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December 30, 2021

Philadelphia's ban on pre-hire marijuana testing will take effect in the new year

Many employers will be prohibited from screening prospective employees for cannabis use under the new measure

Government Marijuana
Marijuana Use Abmed Zayan/Unsplash

Philadelphia's new law prohibiting many employers from testing job applicants for marijuana use will go into effect on Jan. 1.

A new law prohibiting many Philadelphia employers from testing job applicants for marijuana use is slated to go into effect on Jan. 1.

The ordinance was passed by city council in a 15-to-1 vote back in April and was signed into law shortly after by Mayor Jim Kenney. Republican Councilmember David Oh was the only member to vote against the measure.

The bill does not regulate the testing of current employees, nor does it prohibit employers from disciplining workers for possessing or being under the influence of marijuana while on the job.

However, not every employer in the city is covered under the new law. Those applying for positions in law enforcement, childcare or for jobs that require a commercial driver's license can still be required to submit to a marijuana screening.

There's also a provision allowing testing for those seeking positions where "the employee could significantly impact the health or safety of other employees or members of the public."

Employers looking to use this exception need to get approval from the Philadelphia Commission on Human Relations.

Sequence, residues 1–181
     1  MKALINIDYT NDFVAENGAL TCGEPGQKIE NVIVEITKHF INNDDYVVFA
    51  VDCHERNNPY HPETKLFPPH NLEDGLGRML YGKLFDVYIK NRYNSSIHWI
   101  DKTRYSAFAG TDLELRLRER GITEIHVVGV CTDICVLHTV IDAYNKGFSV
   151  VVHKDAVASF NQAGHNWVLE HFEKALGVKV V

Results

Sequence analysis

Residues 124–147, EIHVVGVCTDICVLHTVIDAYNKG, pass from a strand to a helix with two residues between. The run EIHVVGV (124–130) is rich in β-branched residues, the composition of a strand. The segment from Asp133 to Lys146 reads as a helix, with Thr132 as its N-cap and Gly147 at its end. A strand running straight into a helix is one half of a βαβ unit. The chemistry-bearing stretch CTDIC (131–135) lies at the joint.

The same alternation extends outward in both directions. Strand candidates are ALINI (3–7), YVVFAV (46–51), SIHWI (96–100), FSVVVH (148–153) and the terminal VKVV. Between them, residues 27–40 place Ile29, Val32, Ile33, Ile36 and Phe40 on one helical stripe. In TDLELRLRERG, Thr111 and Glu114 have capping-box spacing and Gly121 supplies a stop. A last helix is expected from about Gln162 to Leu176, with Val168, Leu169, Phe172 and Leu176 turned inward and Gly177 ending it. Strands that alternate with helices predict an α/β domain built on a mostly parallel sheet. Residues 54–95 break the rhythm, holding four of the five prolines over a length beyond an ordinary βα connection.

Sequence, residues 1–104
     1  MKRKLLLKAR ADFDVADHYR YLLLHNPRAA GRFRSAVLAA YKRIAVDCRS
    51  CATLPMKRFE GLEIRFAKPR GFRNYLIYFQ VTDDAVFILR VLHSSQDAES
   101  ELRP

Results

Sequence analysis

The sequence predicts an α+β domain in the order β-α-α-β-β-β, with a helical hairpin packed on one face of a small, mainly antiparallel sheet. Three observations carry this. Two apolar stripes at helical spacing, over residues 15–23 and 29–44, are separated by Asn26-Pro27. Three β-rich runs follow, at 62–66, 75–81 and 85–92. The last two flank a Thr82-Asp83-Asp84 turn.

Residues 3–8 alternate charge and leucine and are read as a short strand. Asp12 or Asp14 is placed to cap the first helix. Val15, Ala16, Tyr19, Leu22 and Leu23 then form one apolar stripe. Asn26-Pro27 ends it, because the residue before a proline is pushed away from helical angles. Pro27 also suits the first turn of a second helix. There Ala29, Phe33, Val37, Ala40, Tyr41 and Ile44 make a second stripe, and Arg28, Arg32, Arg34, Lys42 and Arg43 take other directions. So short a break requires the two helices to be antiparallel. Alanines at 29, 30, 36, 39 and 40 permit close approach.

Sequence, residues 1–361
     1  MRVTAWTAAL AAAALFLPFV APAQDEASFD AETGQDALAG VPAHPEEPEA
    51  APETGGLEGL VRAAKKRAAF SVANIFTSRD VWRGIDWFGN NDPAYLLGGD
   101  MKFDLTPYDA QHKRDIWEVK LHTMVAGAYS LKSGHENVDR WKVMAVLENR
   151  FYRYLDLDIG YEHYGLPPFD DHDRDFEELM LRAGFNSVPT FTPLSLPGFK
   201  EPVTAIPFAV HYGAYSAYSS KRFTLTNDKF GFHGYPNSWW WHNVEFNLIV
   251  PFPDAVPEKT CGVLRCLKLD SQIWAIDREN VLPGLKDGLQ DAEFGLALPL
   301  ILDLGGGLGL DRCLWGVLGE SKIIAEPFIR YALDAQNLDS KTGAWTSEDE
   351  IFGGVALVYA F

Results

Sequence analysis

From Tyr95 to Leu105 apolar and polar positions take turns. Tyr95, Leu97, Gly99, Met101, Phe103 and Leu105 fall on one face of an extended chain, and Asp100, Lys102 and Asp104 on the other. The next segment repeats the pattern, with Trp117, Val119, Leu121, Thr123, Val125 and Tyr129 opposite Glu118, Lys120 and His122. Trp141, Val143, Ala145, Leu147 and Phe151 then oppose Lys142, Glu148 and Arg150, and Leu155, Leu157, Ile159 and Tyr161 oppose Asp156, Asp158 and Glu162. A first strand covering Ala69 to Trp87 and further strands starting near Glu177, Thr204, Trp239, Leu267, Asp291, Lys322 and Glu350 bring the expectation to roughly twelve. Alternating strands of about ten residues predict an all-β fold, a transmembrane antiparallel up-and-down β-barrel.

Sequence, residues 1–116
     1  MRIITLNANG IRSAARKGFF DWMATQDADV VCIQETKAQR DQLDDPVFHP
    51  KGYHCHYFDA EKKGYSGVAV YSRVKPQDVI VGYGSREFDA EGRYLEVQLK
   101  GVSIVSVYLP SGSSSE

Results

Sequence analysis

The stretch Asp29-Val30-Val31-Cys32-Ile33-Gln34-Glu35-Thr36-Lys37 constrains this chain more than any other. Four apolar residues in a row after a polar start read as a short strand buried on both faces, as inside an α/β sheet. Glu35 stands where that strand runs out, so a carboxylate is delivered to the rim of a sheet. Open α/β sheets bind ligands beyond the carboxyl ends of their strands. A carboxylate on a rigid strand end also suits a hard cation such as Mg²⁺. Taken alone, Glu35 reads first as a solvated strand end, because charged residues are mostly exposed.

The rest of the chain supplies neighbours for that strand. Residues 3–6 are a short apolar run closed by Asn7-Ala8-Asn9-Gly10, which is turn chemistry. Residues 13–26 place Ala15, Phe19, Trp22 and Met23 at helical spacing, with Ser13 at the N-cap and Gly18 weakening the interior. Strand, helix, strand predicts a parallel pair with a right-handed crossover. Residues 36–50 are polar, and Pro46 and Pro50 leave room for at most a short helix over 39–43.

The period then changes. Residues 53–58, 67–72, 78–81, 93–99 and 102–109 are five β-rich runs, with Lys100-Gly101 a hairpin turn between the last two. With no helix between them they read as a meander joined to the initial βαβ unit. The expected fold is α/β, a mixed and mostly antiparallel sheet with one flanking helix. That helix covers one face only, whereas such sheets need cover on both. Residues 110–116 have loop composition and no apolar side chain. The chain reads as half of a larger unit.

Also excluded are positions where any federal or state law or valid collective bargaining agreement requires testing. Additionally, employers who have a contract with or receive aid from the federal government which requires testing are exempt.

The measure was introduced by Councilmember Derek Green, who said he was inspired by the city's medical cannabis patients who sometimes struggle to find work due to testing requirements, even though it's been legal to prescribe in Pennsylvania since 2016. He considers it a "commonsense measure."

Recreational marijuana use remains illegal across the state, but Philadelphia decriminalized possession of small amounts in 2016.

Philly is not the first place to pass legislation like this. Similar laws already exist in many other cities across the country, including New York City, Atlanta, Washington, D.C., Rochester, and Richmond, Virginia.

This is also not the first time the city has passed laws regulating what employers can ask of new hires. City council passed a law prohibiting employers from asking about applicants' salary histories in 2017.

The bill faced quick backlash from some parts of Philly's business community and a lawsuit was quickly filed which kept the legislation from going into operation.

The city won the lawsuit and the bill finally went into effect in February 2020.